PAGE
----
Saturday, April 19, 2008

Life in a Polygamist Compound

A few outtakes from Carolyn Jessop's memoir, "Escape" for some insight into life with a FLDS compound. She was the 4th wife of Merril Jessop. She left him in 2003 before he moved to the recently-raided Texas compound. Her book was published in October.
In a favorite children's game, called Apocalypse, kids act out the FLDS vision of the end of the world. According to FLDS lore, Native Americans who were mistreated and killed in pioneer days will be resurrected in the end times, when God will allow them to wreak vengeance on those who wronged them (the presumably also-resurrected settlers). In return for this indulgence, "resurrected Indians" will also be "required to take on the job of protecting God's chosen people"—FLDS members—by killing FLDS enemies with invisible tomahawks that can sever a person's heart in half.

I was beginning to notice other things about the world around me. One was that some of the women we'd see in the community when we went shopping were wearing dark sunglasses. I was surprised when a woman took her glasses off in the grocery store and I could see that both her eyes were blackened. I asked my mother what was wrong, but the question seemed to make her uncomfortable and she didn't answer me.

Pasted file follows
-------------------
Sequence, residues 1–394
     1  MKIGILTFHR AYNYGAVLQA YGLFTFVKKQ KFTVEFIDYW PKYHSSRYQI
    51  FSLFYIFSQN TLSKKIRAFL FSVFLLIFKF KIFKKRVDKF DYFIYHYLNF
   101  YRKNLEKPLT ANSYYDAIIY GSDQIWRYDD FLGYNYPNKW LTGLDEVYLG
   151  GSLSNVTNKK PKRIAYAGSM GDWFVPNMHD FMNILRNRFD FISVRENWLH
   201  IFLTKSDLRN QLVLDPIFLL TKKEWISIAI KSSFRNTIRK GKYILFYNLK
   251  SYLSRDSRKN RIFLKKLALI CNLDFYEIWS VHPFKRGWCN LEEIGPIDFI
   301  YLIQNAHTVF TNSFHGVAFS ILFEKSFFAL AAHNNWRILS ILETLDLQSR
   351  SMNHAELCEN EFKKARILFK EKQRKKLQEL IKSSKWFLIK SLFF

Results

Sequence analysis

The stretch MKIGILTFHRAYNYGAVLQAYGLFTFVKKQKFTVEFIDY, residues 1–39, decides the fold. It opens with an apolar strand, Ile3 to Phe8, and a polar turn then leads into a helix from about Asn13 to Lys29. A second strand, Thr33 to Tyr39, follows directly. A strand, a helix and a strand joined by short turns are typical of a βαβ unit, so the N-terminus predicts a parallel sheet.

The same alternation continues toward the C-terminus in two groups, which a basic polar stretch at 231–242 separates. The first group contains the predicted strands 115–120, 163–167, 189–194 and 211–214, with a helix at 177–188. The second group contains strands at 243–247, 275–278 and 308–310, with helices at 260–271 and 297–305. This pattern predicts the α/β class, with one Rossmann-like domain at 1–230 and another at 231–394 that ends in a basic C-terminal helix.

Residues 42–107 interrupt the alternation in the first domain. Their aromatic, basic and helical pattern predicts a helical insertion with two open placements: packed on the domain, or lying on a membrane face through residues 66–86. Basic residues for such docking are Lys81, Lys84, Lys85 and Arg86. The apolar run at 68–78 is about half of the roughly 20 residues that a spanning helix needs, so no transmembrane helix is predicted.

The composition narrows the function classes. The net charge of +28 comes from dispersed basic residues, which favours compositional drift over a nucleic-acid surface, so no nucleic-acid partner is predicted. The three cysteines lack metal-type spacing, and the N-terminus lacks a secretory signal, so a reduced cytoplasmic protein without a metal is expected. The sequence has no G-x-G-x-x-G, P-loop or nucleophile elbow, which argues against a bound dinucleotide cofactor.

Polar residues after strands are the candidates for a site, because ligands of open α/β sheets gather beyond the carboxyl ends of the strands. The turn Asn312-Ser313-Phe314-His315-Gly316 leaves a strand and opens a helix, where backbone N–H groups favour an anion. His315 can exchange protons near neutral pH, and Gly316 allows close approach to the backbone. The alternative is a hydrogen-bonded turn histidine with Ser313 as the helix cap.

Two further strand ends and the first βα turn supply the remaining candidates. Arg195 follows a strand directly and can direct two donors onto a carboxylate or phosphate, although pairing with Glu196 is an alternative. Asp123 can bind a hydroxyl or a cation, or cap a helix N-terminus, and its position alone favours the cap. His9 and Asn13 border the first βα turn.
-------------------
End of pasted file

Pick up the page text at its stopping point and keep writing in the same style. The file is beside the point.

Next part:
FLDS leaders don't look kindly on modern medicine. During childbirth, "a doctor was never present, nor was pain medication ever used. Women were expected to be perfectly silent during childbirth. If a woman screamed or made loud noises she was criticized for being out of control. Sometimes she'd be reprimanded by her husband during her delivery."

Some of Carolyn's stepdaughters were married to Jeffs, and she feared his temper. She writes: "One day he brought one of his wives into the [school] auditorium, which was packed with boys. Annette had a long braid that fell past her knees. Warren grabbed the braid and twisted and twisted it until she was on her knees and he was ripping hair from her head. He told the boys that this was how obedient their wives had to be to them."
I feel for the mothers whose children have been taken from them, but have to ask with Texas authorities - who speaks for the children?


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